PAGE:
1 Introduction
In many applications of decisionmaking problems modeled by Markov decision processes (MDPs), it is reasonable to incorporate some measure of risk to rule out policies that achieve a high expected reward at the cost of risky and error prone actions. If we think for example of an expensive manufacturing machine that has two running modes: one where the machine runs at peak level and produces the maximum number of products for most of the time at the cost of a high chance for a serious damage and one where the machine runs slightly slower to avoid damage. Most companies would agree that the second option is more reasonable. Yet, if the company would make decision with the help of the classical MDPs, it would pick option one and go for the risky strategy.
Most of the decisionmaking models like MDPs, are consisted with two descriptions of some mechanism of environments, immediate outcomes
(rewards or costs) at one state by performing one action, and transitions, the transition probability between states with some actions. Both descriptions are
objective in the sense that both outcome and transition probability can be estimated by repeating experiencing the environment sufficient many times. The “risk” depends, however, on the subjective perception of the agent, since different agents might have different riskpreferences facing the same environment. For instance, $100 is more valuable for the poor than for the rich. Behavioral experiments [21] show that people tend to overreact to small probability events, but underreact to medium and large probabilities.Due to the apparent usefulness of risksensitive objectives, the topic is of major importance in finance and economics. In economics, the utility function is widely used to model the subjective perception of rewards. The renowned prospect theory (PT) [21] introduces the probability weighting function to model the subjective perception of probabilities. PT can be merely used to model single decision problem, whereas in MDP a sequence of decisions have to be made. In mathematical finance, Ruszczyński (2010) [28] applies coherent/convex risk measures (CRMs) [2, 11] to incorporate risk in a sequential decisionmaking structure. However, there are two major drawbacks in their work: 1) he assumes that the risk measures must be coherent or convex, which is not true for some of the most important instances of risk measures, and 2) he discusses merely the finitestage or discounted risk problem for coherent risk measures. The theory of discounted and average risk for arbitrary measures as in the classical MDP have not been considered yet.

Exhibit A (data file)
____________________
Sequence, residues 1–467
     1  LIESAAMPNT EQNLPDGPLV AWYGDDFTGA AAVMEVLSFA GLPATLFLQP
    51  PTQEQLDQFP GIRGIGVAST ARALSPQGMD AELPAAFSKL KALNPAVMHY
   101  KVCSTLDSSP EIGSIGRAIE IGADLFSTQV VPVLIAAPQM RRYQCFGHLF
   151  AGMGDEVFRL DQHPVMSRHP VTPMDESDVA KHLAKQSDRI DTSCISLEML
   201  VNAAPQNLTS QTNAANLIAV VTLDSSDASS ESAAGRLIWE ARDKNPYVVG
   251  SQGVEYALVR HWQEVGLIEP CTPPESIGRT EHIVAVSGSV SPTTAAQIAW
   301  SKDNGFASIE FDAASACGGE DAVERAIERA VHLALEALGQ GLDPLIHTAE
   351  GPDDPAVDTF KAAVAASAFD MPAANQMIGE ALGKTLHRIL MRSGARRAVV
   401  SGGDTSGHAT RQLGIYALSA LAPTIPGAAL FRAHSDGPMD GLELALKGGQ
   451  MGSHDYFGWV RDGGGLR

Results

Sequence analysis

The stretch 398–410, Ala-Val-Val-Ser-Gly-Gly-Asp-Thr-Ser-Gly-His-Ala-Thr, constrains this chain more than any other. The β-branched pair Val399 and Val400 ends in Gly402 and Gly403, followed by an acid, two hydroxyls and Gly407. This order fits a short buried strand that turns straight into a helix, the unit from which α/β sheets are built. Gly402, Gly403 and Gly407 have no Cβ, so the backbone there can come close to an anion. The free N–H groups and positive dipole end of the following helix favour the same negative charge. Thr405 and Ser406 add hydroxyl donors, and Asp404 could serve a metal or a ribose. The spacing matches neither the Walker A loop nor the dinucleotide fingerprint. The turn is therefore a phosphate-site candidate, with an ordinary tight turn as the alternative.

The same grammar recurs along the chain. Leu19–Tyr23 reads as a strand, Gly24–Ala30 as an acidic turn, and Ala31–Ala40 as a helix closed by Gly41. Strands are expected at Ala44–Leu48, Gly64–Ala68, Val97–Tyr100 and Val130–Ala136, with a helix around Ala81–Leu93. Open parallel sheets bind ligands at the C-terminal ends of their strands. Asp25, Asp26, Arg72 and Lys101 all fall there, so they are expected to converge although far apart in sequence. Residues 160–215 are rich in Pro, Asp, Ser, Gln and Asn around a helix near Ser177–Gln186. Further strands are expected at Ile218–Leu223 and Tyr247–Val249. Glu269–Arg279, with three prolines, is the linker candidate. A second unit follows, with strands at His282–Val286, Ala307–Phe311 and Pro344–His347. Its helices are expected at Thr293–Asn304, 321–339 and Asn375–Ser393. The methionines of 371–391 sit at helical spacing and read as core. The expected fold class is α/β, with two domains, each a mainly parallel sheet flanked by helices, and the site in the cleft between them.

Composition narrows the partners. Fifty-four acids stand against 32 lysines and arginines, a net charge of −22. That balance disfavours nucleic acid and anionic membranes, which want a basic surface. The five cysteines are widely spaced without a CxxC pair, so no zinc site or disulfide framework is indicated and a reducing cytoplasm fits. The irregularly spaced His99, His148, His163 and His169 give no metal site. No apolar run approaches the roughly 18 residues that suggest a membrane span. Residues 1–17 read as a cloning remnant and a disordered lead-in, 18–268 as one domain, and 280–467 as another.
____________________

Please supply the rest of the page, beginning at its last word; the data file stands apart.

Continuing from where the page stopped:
In the community of MDPs (mainly operations research and control theory), despite the apparent usefulness of risksensitive measures, few works in MDPs address the issue, since many risksensitive objectives cannot be optimized efficiently. The meanvariance tradeoff is a popular risk criterion, where variance takes the part of the risk measure as it penalizes highly varying return. However, this objective is difficult to optimize, especially when a discount factor is included
[10]. Recently in [23] the problem even for finitehorizon MDP is proved to be NPhard. Another popular measure is to apply the exponential utility function. Although an efficient solution (see e.g. [5]) exists for average infinitehorizon MDP, it is proved in [7] that the objective for discounted MDP is difficult and the optimal policy might not be stationary.The question is now if all the risksensitive objectives are difficult to optimize for MDPs or if measures like the meanvariance tradeoff are just not the “right” measure for MDPs. Inspired by the discovery in mathematical finance and economics, our intuition is therefore to adapt the CRM theory to the MDP structure, where two concerns must be balanced: 1) the axioms should be as general as possible to be able to model all kinds of riskpreferences including mixed riskpreference, and 2) the underlying optimization problem can be solved by a computationally feasible algorithm.
The main contributions of this paper are: 1) To incorporate risk into MDPs, we set up a general framework via prospect maps, which is a generalization of the CRMs. The framework contains most of the existing risksensitive approaches in economics, mathematical finance and optimal control theory as special cases (cf. Sec. 5). 2) Within the framework, we define a novel temporal discount scheme, which includes the conventional temporal discount scheme as special cases. The optimization problem to the new discounted objective function is proved to be solved by a value iteration algorithm; 3) We investigate the optimization problem of the average prospect. With one additional assumption, the solution to its optimization problem exists and a value iteration is designed to solve it; 4) For the case where the knowledge of MDP, reward and transition, is unknown, we state one algorithm to estimate the reward and transition models of underlying MDP and simultaneously learn optimal policy. For one specific prospect map (entropic map), a Qlearning like algorithm is proposed to obtain optimal policy without knowing the knowledge of MDP.